Addiction, Alcoholism, Gastric Bypass Surgery, Nutrient Deficiency and the Brain

In my last blog, I wrote about how they recently showed that gastric bypass surgery significantly increased your risk of developing alcoholism and substance abuse as well as suicide attempt and depression, much more so than merely restrictive procedures such as the lap-band.

Early on this was attributed to a psychological phenomena they called addiction transfer – theorizing that once a food addict could no longer eat they would “switch” to another substance in order to feel good.   It seemed to make sense.   Except to those of us who were experiencing it.  We knew things were different.   We felt “different”, “wrong”.  If this were truly psychological, we should see similar rates of this transfer among all weight loss surgeries:   duodenal switch, sleeve gastrectomy, lap-band, etc.

Many chemicals in the brain are responsible for that sense of well-being, your ability to feel happiness:  serotonin, dopamine, norepinephrine, endorphins.   But what about all the other nutrients your body must have in order for these chemicals to function properly?  They all work together.  Now what if those nutrients started to slowly diminish over time?  Say over the next 12-14 months? And longer?  How would you feel then?

What if you’ve suddenly achieved something you’ve yearned for, perhaps your entire life, and now find yourself having difficulty finding pleasure in things you know should find pleasure in?   Trying on new clothes?   Meeting new people?   Peoples reaction to the new you?   And what if that ability experience pleasure and joy just is not there.   You know it should be and it isn’t.   What if you start having trouble sleeping, maybe having anxiety, and you have no idea why?

And then you experience something and you feel “good” for the first time in a long time.   Maybe that something is alcohol, which if you’ve had gastric bypass, even a little bit might feel really good where before it was no big deal.   Or maybe your doctor writes you a prescription and you pop that pill and feel “good” again.  Or it might be shopping, etc…..   Or maybe you’re just one of those people that just tough it out and slog through and continue to feel awful.   The brain is incredibly amazing at associating what you need to not feel awful and is very crafty and effective at convincing you to keep it from feeling like crud all the time.

But I’m convinced that if the “feel good” chemicals in the brain had not been so deteroriated by the many months and months of depletion, so many people would not have vulnerable in the first place to this scenario.     There seems to be more understanding about how addiction works these days – the pleasure/reward pathways.   What I am hoping the scientific community starts to explore is where the breakdown is occuring.   How is this surgery creating the bio-chemical changes in our bodies that make a signficant population more vulnerable to addiction?

If this sounds at all familiar to your story, let me know.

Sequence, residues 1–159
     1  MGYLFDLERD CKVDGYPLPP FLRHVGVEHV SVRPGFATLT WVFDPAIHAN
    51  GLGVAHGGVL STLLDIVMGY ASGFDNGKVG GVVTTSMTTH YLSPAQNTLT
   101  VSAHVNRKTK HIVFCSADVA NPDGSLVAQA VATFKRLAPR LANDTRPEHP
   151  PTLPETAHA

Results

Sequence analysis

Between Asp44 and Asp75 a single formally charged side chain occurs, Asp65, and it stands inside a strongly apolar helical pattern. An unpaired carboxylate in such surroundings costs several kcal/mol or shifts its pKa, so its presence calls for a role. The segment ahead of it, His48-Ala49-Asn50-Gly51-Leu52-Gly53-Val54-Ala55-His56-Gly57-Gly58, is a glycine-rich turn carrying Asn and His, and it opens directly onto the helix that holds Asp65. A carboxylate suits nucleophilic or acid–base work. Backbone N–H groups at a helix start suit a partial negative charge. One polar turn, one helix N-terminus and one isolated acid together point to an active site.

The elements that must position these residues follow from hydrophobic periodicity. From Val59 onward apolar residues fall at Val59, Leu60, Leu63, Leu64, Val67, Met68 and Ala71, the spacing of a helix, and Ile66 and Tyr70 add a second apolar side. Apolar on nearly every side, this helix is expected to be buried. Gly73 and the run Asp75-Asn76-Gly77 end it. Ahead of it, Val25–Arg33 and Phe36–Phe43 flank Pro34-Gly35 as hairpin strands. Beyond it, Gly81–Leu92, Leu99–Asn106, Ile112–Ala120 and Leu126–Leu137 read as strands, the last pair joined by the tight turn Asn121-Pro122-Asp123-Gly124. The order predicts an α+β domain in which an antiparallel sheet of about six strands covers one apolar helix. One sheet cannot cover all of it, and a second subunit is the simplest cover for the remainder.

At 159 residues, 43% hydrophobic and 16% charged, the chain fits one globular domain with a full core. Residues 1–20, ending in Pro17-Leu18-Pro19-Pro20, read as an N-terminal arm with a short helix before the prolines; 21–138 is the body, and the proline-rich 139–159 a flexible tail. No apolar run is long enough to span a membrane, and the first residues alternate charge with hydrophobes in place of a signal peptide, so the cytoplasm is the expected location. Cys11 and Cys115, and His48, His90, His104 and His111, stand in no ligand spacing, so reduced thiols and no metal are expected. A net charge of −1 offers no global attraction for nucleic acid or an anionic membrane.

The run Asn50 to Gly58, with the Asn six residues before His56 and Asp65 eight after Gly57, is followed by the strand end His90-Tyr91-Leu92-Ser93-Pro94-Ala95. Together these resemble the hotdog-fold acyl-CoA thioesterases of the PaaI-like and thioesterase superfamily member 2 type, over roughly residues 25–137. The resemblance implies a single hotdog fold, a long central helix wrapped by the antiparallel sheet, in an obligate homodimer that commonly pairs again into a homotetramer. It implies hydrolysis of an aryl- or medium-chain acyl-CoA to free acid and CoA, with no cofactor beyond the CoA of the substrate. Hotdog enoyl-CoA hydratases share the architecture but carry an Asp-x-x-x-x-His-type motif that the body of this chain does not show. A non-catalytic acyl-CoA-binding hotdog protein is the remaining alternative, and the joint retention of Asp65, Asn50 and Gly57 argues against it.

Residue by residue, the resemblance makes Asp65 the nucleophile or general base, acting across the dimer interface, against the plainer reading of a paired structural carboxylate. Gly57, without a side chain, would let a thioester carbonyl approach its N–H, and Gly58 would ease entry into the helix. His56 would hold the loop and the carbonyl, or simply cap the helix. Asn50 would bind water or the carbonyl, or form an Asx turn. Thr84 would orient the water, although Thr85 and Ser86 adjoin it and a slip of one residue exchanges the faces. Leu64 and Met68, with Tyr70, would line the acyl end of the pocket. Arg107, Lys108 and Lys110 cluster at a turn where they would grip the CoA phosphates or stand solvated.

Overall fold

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Why Is Gastric Bypass Surgery Causing Addiction, Alcoholism and Suicide but the Lap-Band Procedure Isn’t?

There was a study done by Dr. Magdalena Plecka Ostlund of the Karolinska Institutet in Stockholm showing that those people that had weight loss surgeries that bypassed the intestines had much higher rates of problems with addiction, depression, alcoholism and attempted suicide than those that had the Lap-Band (or similar type).

“The gastric bypass surgery cohort had higher Hazard Ratios (HR) than the restrictive surgery cohort for substance abuse (HR, 3.8), suicide attempt (HR, 4.1), alcohol abuse (HR, 4.0), and depression (HR, 2.4). For the restrictive surgery cohort, these HRs were, respectively, 1.4, 2.4, 1.2, and 1.8, she said.”

This report has been getting quite a bit of newspaper attention regarding the alcoholism component, and though indeed alcohol abuse is a big problem, there are also significantly large increases in problems in substance abuse, depression and suicide attempts. However, the important element in this story seems to be getting lost, Why isn’t this happening to the Lap Band group? I now would like to ask, can the data be further broken down among folks that had the sleeve gastrectomy without intestinal bypass? Would the Hazard Ratios still hold then? How about for duodenal switch?

Another factor is that the data is reported using Hazard Ratios. I don’t know about you, but I wasn’t exactly familiar with the term Hazard Ratios and what they meant in medical reporting, so of course I had to look it up. How I’ve come to understand hazard ratios is that after gastric bypass surgery, there would now be a 3.8 times increase in your risk of developing substance abuse over the control group (ie., those that didn’t have surgery). A Hazard Ratio of 1 would be the equal to the control group. So, the Lap Band group is only slightly greater than the normal population with regards to risk of alcoholism and substance abuse but not nearly like the gastric bypass group is.

For those suffering from any of these, I think it certainly bears more scrutiny as to why there is such a difference between procedures, both for the sake of prevention and treatment. If the cause could be pinpointed and studied, then perhaps the tragedies could be avoided.

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Gastric Bypass Surgery: Post-Operative Care with IV Nutrient Therapy and Injection Nutrient Therapy

I came across this interesting article.   I posted a similar one earlier when I found a local Naturopathic Doctor and started doing IV Nutrient Injection Therapy after gastric bypass surgery.